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Agreement banning minority property owners discovered in Betton Hills neighborhood

Residents are now pushing for change
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Posted at 4:03 AM, Jul 02, 2019
and last updated 2019-07-02 17:16:59-04

TALLAHASSEE, Fla. (WTXL) — Imagine finding your dream home ready to sign on the dotted line when suddenly you're reading racist language in the documents that prohibits you from owning the home.

That's what happened to one mixed-race Tallahassee family, looking to live in the Betton Hills neighborhood.

Now they want this outdated language to be removed.

"To us it's important that Betton Hills can express a more open and welcoming wish to all neighbors. We would look forward to more diversity in our neighborhood," Mike Brezin, Betton Hills neighborhood association President.

As a long-time Betton Hills homeowner, Mike Brezin says the restrictive property language needs to be updated to reflect a diverse community.

A government loan program from the 1930's is the cause of this language written into the neighborhood covenant.

It reads in part "no person other than the Caucasian race shall own or occupy in this subdivision...."

"They expired 50 years ago and to Anabelle's credit bringing it forward to us, it really opens up a different perspective," said Brezin.

He's talking about Anabelle Dias, who didn't buy a home in Betton Hills because of this discriminatory language.

Dias' facebook post, said "I truly believe this document promotes implicitly segregation," which attracted attention from neighbors and city leaders.

"We try to keep our children from feeling hurt that we've felt, and that our grandmas have felt.This statement says something bad about the neighborhood, as well as our community," said Cynthia Barber, Deputy City Manager.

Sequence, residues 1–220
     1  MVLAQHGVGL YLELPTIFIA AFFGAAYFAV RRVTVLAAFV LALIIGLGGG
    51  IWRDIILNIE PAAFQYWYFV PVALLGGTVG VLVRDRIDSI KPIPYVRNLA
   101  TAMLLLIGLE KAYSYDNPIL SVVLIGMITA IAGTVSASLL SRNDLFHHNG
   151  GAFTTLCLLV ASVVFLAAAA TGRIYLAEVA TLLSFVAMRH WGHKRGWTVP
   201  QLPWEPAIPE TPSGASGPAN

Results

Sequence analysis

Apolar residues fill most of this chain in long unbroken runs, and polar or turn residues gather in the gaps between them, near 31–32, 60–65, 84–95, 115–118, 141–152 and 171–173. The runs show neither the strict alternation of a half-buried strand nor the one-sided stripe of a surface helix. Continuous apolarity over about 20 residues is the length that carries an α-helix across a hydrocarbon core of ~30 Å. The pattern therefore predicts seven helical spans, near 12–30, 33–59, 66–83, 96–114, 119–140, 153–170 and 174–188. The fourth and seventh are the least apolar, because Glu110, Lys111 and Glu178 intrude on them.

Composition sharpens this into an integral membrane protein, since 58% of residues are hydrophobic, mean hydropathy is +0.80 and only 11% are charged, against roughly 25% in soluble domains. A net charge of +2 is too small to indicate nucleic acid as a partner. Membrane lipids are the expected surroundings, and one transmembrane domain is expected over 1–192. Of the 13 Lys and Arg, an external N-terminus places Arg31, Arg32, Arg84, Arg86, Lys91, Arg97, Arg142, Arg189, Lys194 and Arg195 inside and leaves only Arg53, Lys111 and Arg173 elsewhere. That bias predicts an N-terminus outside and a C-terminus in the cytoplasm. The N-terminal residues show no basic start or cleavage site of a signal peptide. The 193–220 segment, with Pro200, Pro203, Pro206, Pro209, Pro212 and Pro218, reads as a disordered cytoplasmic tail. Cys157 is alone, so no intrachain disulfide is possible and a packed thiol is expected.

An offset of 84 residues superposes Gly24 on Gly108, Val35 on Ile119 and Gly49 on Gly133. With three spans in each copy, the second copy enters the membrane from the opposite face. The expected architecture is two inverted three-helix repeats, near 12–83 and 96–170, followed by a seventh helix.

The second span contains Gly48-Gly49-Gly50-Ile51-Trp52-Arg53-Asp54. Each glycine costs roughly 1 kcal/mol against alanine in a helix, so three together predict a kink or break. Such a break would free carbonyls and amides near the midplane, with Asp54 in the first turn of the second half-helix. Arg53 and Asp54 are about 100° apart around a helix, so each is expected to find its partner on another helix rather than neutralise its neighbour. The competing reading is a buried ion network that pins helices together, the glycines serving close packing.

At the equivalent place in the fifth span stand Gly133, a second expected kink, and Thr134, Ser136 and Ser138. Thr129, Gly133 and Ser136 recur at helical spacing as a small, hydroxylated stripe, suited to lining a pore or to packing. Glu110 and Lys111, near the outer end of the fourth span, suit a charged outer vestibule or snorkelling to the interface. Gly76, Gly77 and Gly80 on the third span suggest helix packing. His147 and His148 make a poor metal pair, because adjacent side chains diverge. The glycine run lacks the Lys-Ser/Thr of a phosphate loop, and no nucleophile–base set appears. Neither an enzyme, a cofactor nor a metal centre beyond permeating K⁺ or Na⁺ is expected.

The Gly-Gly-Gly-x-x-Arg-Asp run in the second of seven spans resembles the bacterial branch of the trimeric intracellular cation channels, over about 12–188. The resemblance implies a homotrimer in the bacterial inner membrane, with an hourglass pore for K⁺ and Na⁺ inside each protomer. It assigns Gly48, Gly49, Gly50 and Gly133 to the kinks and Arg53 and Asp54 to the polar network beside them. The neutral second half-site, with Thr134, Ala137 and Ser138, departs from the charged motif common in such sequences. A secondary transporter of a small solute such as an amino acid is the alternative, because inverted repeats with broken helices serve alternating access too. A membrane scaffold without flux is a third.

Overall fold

"And I do agree. I hope you all can find a way to fix this. You can't just say well you're over there and I'm over here. How you gonna love when you're trying to put a division part in it," said Lila Richardson.

Even though the original program expired in 1970, the language is still tied to deeds and affects title searches.

Right now people in that community and city leaders are trying to find a way to legally, and permanently, resolve it.

"This is not one single person, or one single group, or one single organization's problem. But that's not who we are as Tallahassee," said Barber.

Monday members of the Tallahassee chapter of 'National Action Network' announced they're launching a task force to research what solutions are available to make these changes happen.

It's possible this language exists in other neighborhood covenants around Tallahassee.

That's also something the task force plans to look into.